Something rather remarkable just happened in Idaho. The state legislature opted to—in essence—repeal the entire state regulatory code. The cause may have been dysfunction across legislative chambers, but the result is serendipitous. A new governor is presented with an unprecedented opportunity to repeal an outdated and burdensome regulatory code and replace it with a more streamlined and sensible set of rules. Other states should be paying close attention.
The situation came about due to the somewhat unconventional nature of Idaho’s regulatory process. Each year, the state’s entire existing body of regulations expires unless reauthorized for an additional year by the legislature. In most years, reauthorization happens smoothly, but not this year.
Instead, the legislature wrapped up an acrimonious session in April without passing a rule-reauthorization bill. As a result, come July 1, some 8,200 pages of regulations containing 736 chapters of state rules will expire. Any rules the governor opts to keep will have to be implemented as emergency regulations, and the legislature will consider them anew when it returns next January.
Governor Brad Little, sworn into office in January, already had a nascent red tape cutting effort underway, but the impending regulatory cliff creates some new dynamics. Previously, each rule the governor wanted cut would have had to be justified as a new rulemaking action; now, every regulation that agencies want to keep has to be justified. The burden of proof has switched.
The new scenario creates multiple touch points when rules could end up on the cutting room floor. First, when regulations expire on July 1, many will not be refiled. Second, the public will have the opportunity to comment on regulations that are resubmitted. In some cases, public hearings are likely to take place, presenting another opportunity to reshape, and cut, some regulations. Finally, when the legislature returns next year, it will need to pass a reauthorization bill for those regulations Governor Little’s administration wants kept. Even more red tape can be trimmed then.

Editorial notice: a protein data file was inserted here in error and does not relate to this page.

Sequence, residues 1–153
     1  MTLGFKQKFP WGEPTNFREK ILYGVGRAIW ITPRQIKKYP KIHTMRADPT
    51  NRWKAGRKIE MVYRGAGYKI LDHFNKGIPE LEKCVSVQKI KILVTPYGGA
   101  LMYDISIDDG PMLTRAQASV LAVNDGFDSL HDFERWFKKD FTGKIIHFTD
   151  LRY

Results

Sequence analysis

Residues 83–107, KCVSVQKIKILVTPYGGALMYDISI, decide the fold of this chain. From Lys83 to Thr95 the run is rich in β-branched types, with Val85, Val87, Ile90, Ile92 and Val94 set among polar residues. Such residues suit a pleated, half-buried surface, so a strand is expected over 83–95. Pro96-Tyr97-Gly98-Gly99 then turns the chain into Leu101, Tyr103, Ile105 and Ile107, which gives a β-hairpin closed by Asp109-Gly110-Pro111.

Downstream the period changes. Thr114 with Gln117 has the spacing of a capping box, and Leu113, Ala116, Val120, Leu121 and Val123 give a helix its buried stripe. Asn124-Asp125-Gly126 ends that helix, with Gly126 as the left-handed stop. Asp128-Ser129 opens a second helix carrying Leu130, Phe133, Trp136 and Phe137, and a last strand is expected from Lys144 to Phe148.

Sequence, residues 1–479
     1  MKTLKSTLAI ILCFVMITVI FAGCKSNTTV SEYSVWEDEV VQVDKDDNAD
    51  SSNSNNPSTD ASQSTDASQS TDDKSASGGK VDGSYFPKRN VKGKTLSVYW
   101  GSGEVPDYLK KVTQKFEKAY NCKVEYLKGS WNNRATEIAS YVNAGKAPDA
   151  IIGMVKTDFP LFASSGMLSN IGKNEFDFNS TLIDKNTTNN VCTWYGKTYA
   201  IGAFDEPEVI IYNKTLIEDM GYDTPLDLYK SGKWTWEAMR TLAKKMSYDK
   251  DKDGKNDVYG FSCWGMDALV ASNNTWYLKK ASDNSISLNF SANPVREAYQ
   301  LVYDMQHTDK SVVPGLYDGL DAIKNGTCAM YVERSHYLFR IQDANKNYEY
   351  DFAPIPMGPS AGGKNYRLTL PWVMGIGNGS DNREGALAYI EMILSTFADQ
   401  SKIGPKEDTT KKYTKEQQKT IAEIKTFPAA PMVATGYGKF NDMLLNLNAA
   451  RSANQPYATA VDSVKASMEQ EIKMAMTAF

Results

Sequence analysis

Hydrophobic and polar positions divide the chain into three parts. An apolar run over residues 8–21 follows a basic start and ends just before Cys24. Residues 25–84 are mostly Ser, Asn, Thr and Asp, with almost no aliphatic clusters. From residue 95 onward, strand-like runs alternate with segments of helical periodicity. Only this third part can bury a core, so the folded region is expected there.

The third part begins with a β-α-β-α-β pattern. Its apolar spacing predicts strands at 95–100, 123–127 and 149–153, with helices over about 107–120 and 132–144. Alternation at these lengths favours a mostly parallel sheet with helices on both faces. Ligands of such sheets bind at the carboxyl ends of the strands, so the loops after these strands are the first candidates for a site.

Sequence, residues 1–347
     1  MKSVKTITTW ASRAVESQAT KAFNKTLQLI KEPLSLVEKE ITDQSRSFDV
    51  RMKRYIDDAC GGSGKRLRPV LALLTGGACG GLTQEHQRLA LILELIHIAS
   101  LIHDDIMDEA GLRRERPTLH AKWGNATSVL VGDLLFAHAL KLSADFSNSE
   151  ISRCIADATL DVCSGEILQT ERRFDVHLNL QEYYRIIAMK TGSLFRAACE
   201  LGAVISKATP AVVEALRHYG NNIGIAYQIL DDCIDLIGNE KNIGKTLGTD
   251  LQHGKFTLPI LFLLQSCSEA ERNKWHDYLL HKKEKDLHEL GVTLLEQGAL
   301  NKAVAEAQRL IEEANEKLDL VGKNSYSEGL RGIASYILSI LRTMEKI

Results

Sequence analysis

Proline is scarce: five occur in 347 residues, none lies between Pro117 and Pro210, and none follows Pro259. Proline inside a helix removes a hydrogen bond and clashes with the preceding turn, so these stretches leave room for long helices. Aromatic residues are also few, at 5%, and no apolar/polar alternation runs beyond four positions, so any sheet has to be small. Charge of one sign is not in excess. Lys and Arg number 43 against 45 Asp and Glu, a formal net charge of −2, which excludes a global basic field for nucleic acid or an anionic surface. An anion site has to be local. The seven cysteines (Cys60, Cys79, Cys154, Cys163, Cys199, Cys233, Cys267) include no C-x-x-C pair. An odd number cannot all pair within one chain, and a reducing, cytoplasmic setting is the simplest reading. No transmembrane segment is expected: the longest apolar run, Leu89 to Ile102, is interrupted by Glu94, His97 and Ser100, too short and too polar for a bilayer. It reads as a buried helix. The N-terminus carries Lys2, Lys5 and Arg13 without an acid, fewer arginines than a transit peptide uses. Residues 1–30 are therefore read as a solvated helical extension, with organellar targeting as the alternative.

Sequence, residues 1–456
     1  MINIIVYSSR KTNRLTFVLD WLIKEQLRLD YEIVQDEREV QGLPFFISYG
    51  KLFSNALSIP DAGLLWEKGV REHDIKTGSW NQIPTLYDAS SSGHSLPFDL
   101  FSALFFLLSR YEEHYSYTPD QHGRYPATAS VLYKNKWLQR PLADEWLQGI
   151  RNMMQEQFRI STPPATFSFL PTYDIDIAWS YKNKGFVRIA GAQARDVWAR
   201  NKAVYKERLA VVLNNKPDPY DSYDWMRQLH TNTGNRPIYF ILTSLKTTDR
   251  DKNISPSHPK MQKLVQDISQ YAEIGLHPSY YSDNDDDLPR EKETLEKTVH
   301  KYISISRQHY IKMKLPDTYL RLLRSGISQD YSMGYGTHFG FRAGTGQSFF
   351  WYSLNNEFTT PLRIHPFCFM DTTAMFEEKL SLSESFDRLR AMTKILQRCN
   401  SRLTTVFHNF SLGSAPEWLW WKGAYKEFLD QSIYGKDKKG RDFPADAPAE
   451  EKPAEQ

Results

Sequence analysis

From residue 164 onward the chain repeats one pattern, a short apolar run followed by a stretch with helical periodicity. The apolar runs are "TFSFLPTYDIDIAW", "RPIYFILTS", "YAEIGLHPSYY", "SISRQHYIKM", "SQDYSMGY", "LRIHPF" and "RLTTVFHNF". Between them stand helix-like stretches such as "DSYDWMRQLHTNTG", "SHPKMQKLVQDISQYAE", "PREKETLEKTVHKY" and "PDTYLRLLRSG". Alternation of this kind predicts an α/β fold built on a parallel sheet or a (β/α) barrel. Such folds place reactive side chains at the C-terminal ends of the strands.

Of course, many regulations serve a justified purpose. The challenge for the Little administration will be to hone in on those rules that add costs disproportionate to any benefits produced, whilst preserving and perhaps even strengthening any rules that are working well.
The Idaho case also highlights the power of sunset provisions—or automatic expiration dates built into laws or regulations. In the past, academic research has found that sunset provisions are sometimes ineffective. Legislatures and agencies often readopt regulations without much thought. To work well, sunsets may need to be structured such that large swaths of rules expire simultaneously, with reauthorization responsibilities falling to the legislature rather than regulators. Sunsets are perhaps most useful when rules are allowed to lapse and then forced back through the rulemaking process all over again. That way they can be subjected to public scrutiny, cost-benefit analysis, and perhaps even court challenges.
The main constraint now facing Idaho state agencies is time—they could use more of it. Regulators have just two months to decide which rules should stay and which should go. With more time, they might be able to tweak and modernize those regulations deemed necessary; instead, many rules may simply be readopted without changes.
Nevertheless, whether intentionally or not, Idaho deserves credit for advancing the frontier of regulatory reform in a new and innovative way. Any state without a sunset provision should consider setting one up, modeled after the Idaho approach. Forcing a fresh start by repealing the entire regulatory code may be the newest arrow in the red tape cutter’s quiver. Time will tell whether Governor Little and company’s aim is true.
Photo credit: The White House/flickr